Generating science by training future scholars in nursing research addressing the needs of vulnerable populations.
ABSTRACT This chapter focuses on the National Institutes of Health (NIH) T32 National Research Service Award (NRSA) funding mechanism, designed to enhance the development of nurse scientists. The general history and principles underlying NIH funding for T32s as well as the National Institute of Nursing Research's (NINR) involvement in the NRSA program is described, highlighting the University of California Los Angeles School of Nursing's T32 training program in vulnerable populations research and the program and career trajectory data from close to two-thirds of NINR-funded T32s directors. Recommendations for the improvement of NINR-funded T32 training programs are identified. Findings include the need for increased collaboration between institutions receiving T32 funding from the NINR.
- SourceAvailable from: Deirdre Thornlow[Show abstract] [Hide abstract]
ABSTRACT: Adverse events occur in virtually all health care arenas, and while rural health care settings are no exception, these facilities often face unique financial burdens and personnel shortages. That may hamper patient safety efforts. Many of the interventions recommended to improve patient safety have largely been based on research conducted in urban hospitals. This chapter demonstrates the extent and type of nursing research being conducted to advance rural-specific patient safety research. The studies were conducted in various settings, with topics ranging from error reporting in hospitals to safety screening in the community. Limitations of these works are discussed, and the chapter offers guidance for a future nursing research agenda to include the need for interdisciplinary research; cross-national and international collaboration; and, at a minimum, the necessity for nurse researchers to sample rural hospitals in larger studies of patient safety.Annual review of nursing research 02/2008; 26:195-218.
- [Show abstract] [Hide abstract]
ABSTRACT: The purpose of this chapter is to review nursing and other research related to rural intimate partner violence. The author presents a review of research in the area of intimate partner violence in the rural setting. The findings indicate that there is limited nursing research related to intimate partner violence in rural communities. The review describes the prevalence and types of abuse, the rural service issues, and the consequences of battering. The chapter also discusses the health implications of violence in the rural setting. The author concludes with a presentation of a research agenda for nursing research in rural environments.Annual review of nursing research 02/2008; 26:85-113.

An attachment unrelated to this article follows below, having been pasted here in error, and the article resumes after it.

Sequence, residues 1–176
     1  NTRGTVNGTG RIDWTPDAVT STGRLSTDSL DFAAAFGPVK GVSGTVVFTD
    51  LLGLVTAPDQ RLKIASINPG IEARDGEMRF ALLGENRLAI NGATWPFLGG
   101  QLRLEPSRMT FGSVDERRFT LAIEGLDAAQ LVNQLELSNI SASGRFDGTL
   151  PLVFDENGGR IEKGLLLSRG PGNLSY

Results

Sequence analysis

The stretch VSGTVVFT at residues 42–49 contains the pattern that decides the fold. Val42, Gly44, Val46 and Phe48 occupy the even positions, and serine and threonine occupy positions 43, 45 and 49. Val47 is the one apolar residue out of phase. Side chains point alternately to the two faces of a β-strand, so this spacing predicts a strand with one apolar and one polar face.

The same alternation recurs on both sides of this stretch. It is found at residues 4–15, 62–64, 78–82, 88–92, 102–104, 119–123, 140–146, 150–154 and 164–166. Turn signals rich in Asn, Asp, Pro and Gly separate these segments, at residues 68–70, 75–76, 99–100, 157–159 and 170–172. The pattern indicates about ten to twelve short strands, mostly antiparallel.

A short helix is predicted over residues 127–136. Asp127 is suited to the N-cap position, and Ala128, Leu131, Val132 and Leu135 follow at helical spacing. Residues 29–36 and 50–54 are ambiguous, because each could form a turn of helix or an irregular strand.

Article: Diabetes care among rural Americans.[Show abstract] [Hide abstract]
ABSTRACT: The prevalence of diabetes in the United States is higher among those living in rural/ nonmetropolitan statistical areas than in urban centers. Managing this complex chronic illness is complicated by factors such as limited access to care, low socioeconomic status, aging, and membership in a racial or ethnic minority group. A review of the literature was conducted focusing on research about rural Americans with diabetes by searching databases of CINAHL, PubMed, and MEDLINE, and selecting articles in English that were published between 2000 and 2007. Search terms included: nursing, research, rural, rural nursing, rural health services/programs, and diabetes care. Additional search strategies included journal hand searching and networking. Twenty-six research reports were found and included qualitative and quantitative methods and program evaluations. All regions of the United States were represented except the Northwest. The vast majority of research reports were of descriptive studies (n = 16), with program evaluation reports (n = 7) and studies testing an intervention (n = 3) also represented. The quality of each study is examined and summarized.Annual review of nursing research 02/2008; 26:3-39.